Yes, it’s completely ludicrous. If you were involved in an incident that you know to have been an accident (as Sutil has claimed), and your friend had been there to witness it, would you not want that friend to testify in court? (Or, you know, maybe return your calls to tell you why he can’t?) Where exactly are people getting this idea that he expected Hamilton to lie? I wish they would share the source of their special insight.

      And, by the way, I still haven’t read an alternate account of this incident in which it’s claimed NOT to have been an accident and/or a move made in self-defense. Here’s Adam Cooper’s description of what was shown on the CCTV footage:

      http://formula-one.speedtv.com/article/f1-adrian-sutil-found-guilty-in-german-court/

      • US_Peter (@us_peter) said on 2nd February 2012, 17:22

        That description certainy does shed a different light on the whole situation.

      • dkpioe said on 2nd February 2012, 17:48

        this evidence makes hamilton even more the vilain for not giving evidence. from everything i have read, lux hardly suffered at all, and claimed he just wanted a face to face apology, which seems a lie given how much he spent on lawyers to bring down sutil not on morals but on “law, and is obviously happy to see sutil face this penalty even thought sutil has claimed he is sorry sutils fate was decided purely on ‘law’ – accentuated by ‘lawyers’ who who worked the system best for lux. if sutil never races an f1 car again, i blaim hamilton for ruining his career, as it seems hamiltons evedence would have made a differerence, as it seems sutil was obviously counting on him. also im surprised with the ctv footage that the judge took so harshly on sutil when it was blatenlty in self defence – i guess thats where the lawyers and witnesses come in – ie useless hamilton.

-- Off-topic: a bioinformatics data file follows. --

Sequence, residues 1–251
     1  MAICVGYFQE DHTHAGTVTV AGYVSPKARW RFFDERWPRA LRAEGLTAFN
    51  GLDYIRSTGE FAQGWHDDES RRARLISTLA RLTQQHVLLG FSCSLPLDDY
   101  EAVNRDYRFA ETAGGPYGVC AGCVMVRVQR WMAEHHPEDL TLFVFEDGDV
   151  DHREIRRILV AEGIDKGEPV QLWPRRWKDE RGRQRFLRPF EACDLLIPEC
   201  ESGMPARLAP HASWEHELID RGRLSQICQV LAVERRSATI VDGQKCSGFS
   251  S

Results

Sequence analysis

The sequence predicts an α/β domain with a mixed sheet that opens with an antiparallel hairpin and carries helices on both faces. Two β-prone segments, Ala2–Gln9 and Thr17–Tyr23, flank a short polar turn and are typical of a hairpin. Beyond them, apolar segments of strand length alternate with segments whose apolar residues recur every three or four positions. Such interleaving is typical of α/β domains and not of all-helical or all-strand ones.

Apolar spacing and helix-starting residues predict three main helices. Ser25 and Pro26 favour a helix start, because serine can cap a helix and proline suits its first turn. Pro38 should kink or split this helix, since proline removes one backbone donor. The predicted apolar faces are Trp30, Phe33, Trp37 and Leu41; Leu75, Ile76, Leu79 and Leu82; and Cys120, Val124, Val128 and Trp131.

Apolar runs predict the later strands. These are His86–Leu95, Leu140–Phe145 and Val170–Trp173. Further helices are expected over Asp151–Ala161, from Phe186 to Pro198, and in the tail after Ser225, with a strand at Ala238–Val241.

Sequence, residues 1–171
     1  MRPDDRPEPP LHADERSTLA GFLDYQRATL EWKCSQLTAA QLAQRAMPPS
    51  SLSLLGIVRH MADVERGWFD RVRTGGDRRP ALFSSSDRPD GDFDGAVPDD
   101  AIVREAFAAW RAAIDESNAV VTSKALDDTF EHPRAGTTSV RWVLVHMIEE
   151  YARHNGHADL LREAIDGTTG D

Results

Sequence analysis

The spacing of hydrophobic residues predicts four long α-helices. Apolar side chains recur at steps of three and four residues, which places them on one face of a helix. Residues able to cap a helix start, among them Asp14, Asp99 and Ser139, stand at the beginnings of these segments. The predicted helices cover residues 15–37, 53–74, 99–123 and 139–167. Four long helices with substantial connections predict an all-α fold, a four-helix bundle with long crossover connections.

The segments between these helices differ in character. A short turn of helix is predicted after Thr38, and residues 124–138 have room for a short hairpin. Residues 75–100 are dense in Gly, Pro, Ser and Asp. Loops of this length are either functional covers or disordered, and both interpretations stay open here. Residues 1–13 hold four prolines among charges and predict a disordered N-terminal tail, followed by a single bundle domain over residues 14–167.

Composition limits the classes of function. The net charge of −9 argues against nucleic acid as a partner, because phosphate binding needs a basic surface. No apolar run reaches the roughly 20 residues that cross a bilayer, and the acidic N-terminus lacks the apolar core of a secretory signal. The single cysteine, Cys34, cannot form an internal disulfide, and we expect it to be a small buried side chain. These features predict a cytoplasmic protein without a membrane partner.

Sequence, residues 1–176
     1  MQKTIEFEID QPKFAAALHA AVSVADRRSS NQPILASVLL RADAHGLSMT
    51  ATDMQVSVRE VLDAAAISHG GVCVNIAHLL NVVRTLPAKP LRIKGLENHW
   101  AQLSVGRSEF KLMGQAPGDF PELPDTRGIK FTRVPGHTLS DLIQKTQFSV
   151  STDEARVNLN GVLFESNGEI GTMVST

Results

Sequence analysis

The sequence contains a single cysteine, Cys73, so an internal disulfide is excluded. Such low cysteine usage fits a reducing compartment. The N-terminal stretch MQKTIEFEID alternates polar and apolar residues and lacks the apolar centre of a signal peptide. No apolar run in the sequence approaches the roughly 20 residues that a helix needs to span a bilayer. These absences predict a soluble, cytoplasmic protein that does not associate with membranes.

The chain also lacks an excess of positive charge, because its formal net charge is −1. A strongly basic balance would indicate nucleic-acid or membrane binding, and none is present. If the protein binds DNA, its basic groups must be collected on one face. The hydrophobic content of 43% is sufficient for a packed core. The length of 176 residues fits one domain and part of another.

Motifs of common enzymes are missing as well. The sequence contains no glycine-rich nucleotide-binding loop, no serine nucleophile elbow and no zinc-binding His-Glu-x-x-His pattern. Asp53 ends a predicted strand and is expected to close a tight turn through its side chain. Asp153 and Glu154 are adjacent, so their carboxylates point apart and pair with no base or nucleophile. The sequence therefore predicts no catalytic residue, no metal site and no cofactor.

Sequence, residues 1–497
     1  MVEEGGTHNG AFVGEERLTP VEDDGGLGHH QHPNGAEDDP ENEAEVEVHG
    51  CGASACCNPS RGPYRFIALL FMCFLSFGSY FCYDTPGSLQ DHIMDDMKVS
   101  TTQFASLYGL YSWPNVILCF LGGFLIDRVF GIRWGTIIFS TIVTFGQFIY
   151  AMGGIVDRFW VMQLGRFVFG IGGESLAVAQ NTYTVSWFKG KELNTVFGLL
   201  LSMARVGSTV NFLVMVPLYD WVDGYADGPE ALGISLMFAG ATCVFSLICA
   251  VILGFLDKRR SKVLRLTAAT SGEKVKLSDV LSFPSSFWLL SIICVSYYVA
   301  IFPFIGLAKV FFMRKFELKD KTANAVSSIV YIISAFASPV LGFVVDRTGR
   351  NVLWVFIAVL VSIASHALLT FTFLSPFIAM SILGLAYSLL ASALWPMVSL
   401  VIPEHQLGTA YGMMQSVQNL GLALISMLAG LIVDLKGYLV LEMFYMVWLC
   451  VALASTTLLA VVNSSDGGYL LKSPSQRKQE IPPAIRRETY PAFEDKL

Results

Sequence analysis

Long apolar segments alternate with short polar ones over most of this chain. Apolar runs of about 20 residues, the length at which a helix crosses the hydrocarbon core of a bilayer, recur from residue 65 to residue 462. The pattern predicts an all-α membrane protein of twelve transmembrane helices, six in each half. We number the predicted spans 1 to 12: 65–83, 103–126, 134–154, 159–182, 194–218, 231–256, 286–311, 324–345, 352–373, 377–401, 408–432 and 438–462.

• I wouldn’t say Lux hardly suffered at all — it was a fairly serious injury — and I also wouldn’t say the lack of Hamilton’s testimony necessarily made a huge difference. We just don’t have enough details to say one way or the other (or at least I don’t!). I just really take issue with some of the assumptions people commenting on this post are making on the basis of no evidence at all.

          • Jake (@jleigh) said on 2nd February 2012, 20:00

            The lack of Hamilton’s testimony would make no difference at all. They would have had a written statement.

          • @jleigh In that case, why have anyone come to court and testify? I’m no lawyer, but I think the opportunity for attorneys on both sides to cross-examine witnesses is actually pretty important.

        • Colossal Squid (@colossal-squid) said on 2nd February 2012, 19:13

          It can’t be known what kind of impact, if any, Hamilton’s testimony would have made. I can see it being of benefit of Sutil’s case. As a friend of Sutil Hamilton could have at least given insight into his mood that night, and possibly his interactions with Lux during that time, even if he didn’t witness the incident himself.